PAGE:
• Dog runny nose
  • Dog skin health
  • Dog thyroid
  • Dog tumors
  • Dog upset stomach
  • Dog urinary incontinence
  • Dog vomiting
  • Dogs bad breath
  • Hair loss in dogs
  • Distemper dogs
  • Dog acne
  • Dog anemia
  • Chocolate poisoning in dogs
  • Aggression in dogs
  • Heart failure in dogs
  • Hip dysplasia in dogs
  • Hookworms in dogs
  • Kidney disease in dogs
  • Leukemia in dogs
  • Liver failure in dogs
  • Anal gland cancer in dogs
  • Canine aggression
  • Cardiomyopathy in dogs
  • Elbow dysplasia in dogs
  • Swollen lymph nodes in dogs
  • Enlarged spleen in dogs
  • Constipation in dogs
  • Degenerative joint disease in dogs
  • Dermatitis in dogs
  • Dog arthritis
  • Dog bloat
  • Excessive drooling dogs
  • Dogs with red eyes
  • Fear aggression in dogs
  • Gastrointestinal tumors in dogs
  • Hematuria in dogs
  • Elevated calcium in dogs
  • Luxating patella in dogs
  •   Pet Health And Care >>  Dog Health >>  Frostbite in dogs  
     

    Frostbite in Dogs

    Frostbite is not a condition that is only limited to humans.



    In fact, dogs are also highly susceptible to frostbites. In both humans as well as dogs, frostbite is usually treatable, but if there is tissue damage due to frostbite, it can lead to amputations as well.
    Frostbite in dogs usually occurs when a body part is exposed to cold for too long. If there is excessive tissue damage, amputation is the only treatment available. There are some dogs that are more susceptible to frostbites than others.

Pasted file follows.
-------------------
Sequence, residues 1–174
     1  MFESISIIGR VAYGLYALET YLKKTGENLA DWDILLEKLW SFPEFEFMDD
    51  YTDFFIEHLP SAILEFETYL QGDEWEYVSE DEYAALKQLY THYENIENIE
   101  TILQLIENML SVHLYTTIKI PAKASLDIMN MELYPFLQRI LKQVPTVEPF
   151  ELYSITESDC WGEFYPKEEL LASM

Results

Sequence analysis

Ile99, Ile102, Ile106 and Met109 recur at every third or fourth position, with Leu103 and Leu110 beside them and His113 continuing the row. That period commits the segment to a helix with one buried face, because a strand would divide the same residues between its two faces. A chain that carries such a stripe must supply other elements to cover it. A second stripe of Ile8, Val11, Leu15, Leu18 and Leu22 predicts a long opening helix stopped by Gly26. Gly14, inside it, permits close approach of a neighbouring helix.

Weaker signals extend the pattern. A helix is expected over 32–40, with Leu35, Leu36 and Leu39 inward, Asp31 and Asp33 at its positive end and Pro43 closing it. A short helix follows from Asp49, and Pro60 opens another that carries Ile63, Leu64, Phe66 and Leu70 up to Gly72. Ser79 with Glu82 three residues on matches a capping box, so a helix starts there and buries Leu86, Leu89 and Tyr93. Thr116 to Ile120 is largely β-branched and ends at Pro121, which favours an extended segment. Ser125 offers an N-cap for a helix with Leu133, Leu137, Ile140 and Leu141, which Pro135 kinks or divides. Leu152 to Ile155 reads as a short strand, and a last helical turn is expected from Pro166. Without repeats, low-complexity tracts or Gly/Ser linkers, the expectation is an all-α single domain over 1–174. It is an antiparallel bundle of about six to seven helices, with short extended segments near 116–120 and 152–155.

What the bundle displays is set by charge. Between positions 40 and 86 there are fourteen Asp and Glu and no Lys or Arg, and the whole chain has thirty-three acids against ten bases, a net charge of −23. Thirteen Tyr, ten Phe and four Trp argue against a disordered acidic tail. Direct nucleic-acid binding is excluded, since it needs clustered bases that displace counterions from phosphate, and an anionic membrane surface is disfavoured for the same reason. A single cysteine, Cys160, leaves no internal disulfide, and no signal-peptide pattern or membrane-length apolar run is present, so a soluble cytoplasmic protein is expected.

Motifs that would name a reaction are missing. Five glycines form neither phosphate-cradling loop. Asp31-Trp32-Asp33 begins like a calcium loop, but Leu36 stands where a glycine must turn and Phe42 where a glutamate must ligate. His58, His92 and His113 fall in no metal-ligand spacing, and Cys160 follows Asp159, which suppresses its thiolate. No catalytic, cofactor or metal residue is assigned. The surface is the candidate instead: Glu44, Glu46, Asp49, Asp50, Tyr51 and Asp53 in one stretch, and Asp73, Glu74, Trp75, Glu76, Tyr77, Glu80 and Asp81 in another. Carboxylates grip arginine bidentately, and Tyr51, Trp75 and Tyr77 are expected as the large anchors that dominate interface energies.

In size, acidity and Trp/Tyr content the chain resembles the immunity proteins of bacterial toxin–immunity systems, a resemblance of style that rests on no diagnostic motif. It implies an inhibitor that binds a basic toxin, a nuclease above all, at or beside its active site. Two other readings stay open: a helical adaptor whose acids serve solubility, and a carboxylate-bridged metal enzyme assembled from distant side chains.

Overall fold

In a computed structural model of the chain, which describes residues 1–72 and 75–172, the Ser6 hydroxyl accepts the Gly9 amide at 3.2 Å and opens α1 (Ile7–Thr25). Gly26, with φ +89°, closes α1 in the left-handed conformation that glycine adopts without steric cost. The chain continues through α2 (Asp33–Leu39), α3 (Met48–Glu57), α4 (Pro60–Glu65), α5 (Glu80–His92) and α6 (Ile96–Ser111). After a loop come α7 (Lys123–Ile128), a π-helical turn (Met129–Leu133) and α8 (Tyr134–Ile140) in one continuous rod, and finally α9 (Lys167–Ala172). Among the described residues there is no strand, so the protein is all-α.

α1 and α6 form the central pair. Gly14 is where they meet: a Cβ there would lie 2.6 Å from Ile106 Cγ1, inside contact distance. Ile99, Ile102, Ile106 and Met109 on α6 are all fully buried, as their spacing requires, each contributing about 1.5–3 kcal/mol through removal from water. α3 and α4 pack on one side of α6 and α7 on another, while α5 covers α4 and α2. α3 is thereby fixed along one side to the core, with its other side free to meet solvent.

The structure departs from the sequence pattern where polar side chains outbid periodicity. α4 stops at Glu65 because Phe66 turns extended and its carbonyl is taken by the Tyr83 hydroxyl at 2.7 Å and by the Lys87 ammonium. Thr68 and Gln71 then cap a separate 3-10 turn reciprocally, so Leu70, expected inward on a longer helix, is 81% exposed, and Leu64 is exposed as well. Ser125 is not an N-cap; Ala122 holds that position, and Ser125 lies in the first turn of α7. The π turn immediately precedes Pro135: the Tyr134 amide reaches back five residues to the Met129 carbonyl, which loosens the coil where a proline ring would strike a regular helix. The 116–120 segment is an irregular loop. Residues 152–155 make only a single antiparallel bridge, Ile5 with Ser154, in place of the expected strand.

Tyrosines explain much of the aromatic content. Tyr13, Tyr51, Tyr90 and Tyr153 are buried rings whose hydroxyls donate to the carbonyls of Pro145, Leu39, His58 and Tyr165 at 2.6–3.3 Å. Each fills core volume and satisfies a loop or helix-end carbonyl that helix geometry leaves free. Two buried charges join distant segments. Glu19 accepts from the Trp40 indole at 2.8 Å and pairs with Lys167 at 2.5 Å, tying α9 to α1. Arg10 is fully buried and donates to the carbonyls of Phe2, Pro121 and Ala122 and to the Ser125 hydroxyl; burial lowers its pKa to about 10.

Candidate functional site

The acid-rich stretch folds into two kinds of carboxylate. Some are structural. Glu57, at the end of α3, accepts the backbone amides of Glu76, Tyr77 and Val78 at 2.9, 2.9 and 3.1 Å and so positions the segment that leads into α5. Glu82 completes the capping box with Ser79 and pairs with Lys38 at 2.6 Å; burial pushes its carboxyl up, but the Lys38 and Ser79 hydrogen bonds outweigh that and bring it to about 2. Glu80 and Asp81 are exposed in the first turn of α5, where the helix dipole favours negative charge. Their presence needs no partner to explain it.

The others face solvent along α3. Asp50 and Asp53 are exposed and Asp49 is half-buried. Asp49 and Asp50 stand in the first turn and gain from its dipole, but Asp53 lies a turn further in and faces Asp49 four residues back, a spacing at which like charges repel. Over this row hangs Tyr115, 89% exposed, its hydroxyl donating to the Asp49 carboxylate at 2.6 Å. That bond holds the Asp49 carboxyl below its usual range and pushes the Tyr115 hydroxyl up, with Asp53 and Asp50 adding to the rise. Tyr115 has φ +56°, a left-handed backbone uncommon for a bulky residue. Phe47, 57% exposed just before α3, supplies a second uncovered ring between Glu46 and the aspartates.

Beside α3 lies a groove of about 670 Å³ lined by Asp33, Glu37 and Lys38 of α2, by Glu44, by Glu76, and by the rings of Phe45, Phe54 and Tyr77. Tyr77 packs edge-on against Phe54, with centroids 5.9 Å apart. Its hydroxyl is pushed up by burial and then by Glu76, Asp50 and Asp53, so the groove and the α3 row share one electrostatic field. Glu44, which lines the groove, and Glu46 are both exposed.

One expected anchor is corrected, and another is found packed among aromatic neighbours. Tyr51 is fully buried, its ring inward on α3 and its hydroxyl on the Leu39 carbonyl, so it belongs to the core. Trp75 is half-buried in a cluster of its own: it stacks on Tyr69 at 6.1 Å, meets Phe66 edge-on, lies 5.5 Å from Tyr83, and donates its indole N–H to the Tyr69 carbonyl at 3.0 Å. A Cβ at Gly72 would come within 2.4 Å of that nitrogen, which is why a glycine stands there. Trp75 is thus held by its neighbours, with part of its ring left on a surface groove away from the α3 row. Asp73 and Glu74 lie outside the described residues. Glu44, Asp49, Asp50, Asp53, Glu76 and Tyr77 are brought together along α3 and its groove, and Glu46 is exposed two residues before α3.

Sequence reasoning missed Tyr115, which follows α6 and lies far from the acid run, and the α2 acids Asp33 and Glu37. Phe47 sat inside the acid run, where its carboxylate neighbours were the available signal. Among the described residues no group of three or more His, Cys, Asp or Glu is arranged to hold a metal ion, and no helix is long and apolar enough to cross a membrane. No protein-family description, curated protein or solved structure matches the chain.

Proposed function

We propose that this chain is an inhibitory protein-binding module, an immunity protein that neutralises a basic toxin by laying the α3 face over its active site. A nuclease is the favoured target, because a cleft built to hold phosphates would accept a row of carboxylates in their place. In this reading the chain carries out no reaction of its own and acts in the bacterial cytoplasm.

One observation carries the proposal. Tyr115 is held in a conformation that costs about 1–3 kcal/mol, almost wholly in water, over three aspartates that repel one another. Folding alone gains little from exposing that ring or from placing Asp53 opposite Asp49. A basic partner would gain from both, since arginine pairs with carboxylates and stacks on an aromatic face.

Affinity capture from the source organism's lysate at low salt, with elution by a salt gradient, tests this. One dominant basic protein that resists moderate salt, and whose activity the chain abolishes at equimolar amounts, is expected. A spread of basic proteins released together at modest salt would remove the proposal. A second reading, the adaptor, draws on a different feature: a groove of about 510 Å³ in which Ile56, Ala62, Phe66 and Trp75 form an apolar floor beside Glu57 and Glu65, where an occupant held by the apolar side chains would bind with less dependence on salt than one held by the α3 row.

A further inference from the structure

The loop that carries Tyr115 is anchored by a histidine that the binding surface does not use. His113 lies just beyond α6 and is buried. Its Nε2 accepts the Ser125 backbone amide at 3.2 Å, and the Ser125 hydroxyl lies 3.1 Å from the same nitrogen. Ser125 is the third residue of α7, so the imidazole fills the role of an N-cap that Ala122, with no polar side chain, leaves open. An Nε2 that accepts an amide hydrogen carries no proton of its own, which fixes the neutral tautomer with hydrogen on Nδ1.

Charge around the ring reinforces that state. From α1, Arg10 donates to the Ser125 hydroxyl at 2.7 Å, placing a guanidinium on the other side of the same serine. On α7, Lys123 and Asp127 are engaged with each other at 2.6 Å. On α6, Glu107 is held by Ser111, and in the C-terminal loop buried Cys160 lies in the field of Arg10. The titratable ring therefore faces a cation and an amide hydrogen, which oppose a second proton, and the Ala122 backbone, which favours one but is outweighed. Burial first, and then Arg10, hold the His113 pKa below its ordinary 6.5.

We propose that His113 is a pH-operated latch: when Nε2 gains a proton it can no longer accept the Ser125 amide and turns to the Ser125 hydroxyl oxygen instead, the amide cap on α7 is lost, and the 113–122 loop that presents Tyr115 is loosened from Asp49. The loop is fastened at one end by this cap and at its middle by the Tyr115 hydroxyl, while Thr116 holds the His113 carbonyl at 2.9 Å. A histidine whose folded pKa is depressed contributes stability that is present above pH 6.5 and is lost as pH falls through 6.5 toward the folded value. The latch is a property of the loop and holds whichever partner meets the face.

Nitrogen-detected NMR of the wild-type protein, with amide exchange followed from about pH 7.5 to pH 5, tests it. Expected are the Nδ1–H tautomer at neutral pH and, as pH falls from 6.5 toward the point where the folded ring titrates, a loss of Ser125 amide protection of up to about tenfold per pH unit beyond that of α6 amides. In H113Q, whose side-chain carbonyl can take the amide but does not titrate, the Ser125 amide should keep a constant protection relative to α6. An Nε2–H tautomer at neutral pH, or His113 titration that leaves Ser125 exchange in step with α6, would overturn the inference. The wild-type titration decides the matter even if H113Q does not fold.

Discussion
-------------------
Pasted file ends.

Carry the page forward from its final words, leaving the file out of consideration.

Though frostbite can occur in any part of the body that is exposed, frostbite in a dog’s paw is usually more prevalent. Small dogs with short hairs are usually more susceptible to frostbites. The more the dog’s body is exposed to the cold, the more are the chances of getting frostbites. Dogs that have wet hair are also more susceptible to developing frostbites.



    Wet hair or fur that freezes due to the low temperatures is one of the primary dog frostbite causes.

    Frostbite in dogs is one of the primary causes of amputations of dog paws and tails. Very severe cases of frostbite in dogs can actually be fatal. If you keep your dog outside, try and build a shelter so that the dog remains warm. The shelter should ideally have all four sides covered. If it gets especially cold outside, make as small a door as possible, or try and have a door that you can cover. Frostbite in dogs is not a very common cause of mortality. However, if the frostbite is severe and is left untreated, it can cause death. Frostbite in dogs symptoms include blackening of the skin tissue. The tissue may become dark in color, and may get very hard. In addition to that, if the frostbite is severe, the tissue may also become foul smelling. If the frostbite is in the dog’s paws, the dog may not be able to walk properly. When the tissue is frozen, it appears pale in color. As it begins to thaw, the appearance changes, and it becomes red. Eventually the tissue begins to turn black. Immediate frostbite in dogs treatment includes running warm water over the area that has been affected. Do not disturb the tissue by rubbing it. After running warm water on the skin of the dog, rush your pet to a vet. Frostbite should be given emergency treatment because any delays can lead to amputations.

     
      Submitted on February 15, 2011